White House cracks down on private air travel by top officials

Most air travel by federal officials on government and chartered aircraft will now be subject to approval by White House chief of staff John Kelly, according to a memo the Office of Management and Budget (OMB) circulated to agency heads on Friday.

The memo comes as Health and Human Services Secretary Tom Price announced his resignation Friday, amid concern over his extensive use of taxpayer-funded private charter planes and military jets for domestic and foreign business travel. In the memo from OMB Director Mick Mulvaney to agency and department heads — a letter prompted by a request from President Trump — Mulvaney outlined the new process for air travel requests. Most requests will have to receive prior approval from Kelly, while OMB reviews “longstanding guidance” to determine how to improve existing controls, Mulvaney wrote. 

Mulvaney’s memo said commercial air travel that millions of Americans use every day, with very few exceptions, “is appropriate, even for very senior officials.” 

“Therefore, all travel on government-owned, rented, leased or chartered aircraft, except space-available travel and travel to meet mission requirements … shall require prior approval from the White House chief of staff,” the letter says. “Full-time required use travelers are exempted from this requirement. Further guidance from the White House chief of staff on the approval process will be forthcoming. OMB is also reviewing longstanding guidance pertaining to the use of government-owned, rented, leased, and chartered aircraft and welcomes any suggestions that would strengthen existing controls.”

Mulvaney’s memo did remind agency heads that government-owned, rented, leased or chartered planes shouldn’t be used without “specific justification,” but also said public servants should consider more than just federal travel regulations.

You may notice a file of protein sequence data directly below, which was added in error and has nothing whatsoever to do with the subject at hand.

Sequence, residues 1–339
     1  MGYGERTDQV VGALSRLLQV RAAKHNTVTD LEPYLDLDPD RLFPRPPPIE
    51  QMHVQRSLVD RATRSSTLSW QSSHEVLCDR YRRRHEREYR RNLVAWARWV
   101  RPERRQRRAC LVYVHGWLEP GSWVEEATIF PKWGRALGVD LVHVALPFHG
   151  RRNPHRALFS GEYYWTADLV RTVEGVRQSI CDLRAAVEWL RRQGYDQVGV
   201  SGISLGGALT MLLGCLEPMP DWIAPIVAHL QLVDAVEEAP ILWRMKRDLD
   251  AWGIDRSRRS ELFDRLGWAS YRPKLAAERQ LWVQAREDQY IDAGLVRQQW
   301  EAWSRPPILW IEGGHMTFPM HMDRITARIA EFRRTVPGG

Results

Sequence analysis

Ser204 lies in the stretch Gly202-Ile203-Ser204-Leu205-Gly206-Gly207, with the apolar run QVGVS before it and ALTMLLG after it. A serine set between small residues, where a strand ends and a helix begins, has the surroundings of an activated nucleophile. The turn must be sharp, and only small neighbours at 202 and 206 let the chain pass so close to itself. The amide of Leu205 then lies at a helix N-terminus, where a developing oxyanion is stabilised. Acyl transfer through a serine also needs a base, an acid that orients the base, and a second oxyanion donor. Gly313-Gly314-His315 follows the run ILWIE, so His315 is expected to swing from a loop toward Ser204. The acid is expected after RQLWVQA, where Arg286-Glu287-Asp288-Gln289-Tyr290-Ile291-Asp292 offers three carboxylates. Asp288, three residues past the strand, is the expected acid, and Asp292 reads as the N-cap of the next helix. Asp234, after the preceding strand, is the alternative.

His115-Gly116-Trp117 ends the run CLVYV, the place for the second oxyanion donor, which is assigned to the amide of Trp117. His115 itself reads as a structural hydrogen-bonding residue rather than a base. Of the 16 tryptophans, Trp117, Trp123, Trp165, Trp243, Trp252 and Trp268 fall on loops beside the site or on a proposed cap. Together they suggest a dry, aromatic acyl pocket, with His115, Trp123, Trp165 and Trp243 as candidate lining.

“Every penny we spend comes from the taxpayer,” the memo says. We thus owe it to the taxpayer to work as hard managing that money wisely as the taxpayer must do to earn it in the first place.”

Price isn’t the only secretary under scrutiny for his travel. Treasury Secretary Steve Mnuchin’s travel is under review by the Treasury Department inspector general after he reportedly used a government plane to view the eclipse, and Environmental Protection Agency head Scott Pruitt spent at least $58,000 on non-commercial travel, CBS News has reported. 

Here is the full text of the Friday memo: 

In light of recent events, the president has asked me to remind the heads of all executive departments and agencies of administration policies on travel.

First, as to law and formal policy: Government-owned, rented, leased or chartered aircraft should not be used for travel by government employees, except with specific justification — per the Office of Management and Budget (OMB) Circular A-126 (May 22, 1992), Improving the Management and Use of Government Aircraft, and the Federal Travel Regulation (FTR). 

However, beyond the law and formal policy, departments and agencies should recognize that we are public servants. Every penny we spend comes from the taxpayer. We thus owe it to the taxpayer to work as hard managing that money wisely as the taxpayer must do to earn it in the first place.

Put another way, just because something is legal doesn’t make it right. Even when the criteria of Circular A-126 and the FTR allow for the use of government-owned, rented, leased, or chartered aircraft, departments and agencies should still consider whether commercial air travel is a more appropriate use of taxpayer resources. Accordingly, with few exceptions, the commercial air system used by millions of Americans every day is appropriate, even for very senior officials.

Therefore, all travel on government-owned, rented, leased or chartered aircraft, except space-available travel and travel to meet mission requirements (as those situations are defined in Circular A-126) shall require prior approval from the White House chief of staff. Full-time required use travelers are exempted from this requirement. Further guidance from the White House chief of staff on the approval process will be forthcoming. OMB is also reviewing longstanding guidance pertaining to the use of government-owned, rented, leased, and chartered aircraft and welcomes any suggestions that would strengthen existing controls. In the meantime, departments and agencies are reminded that they are required to adhere to the FTR and Circular A-126.

Source: CBS News – Politics

Comments

comments

Comments are closed.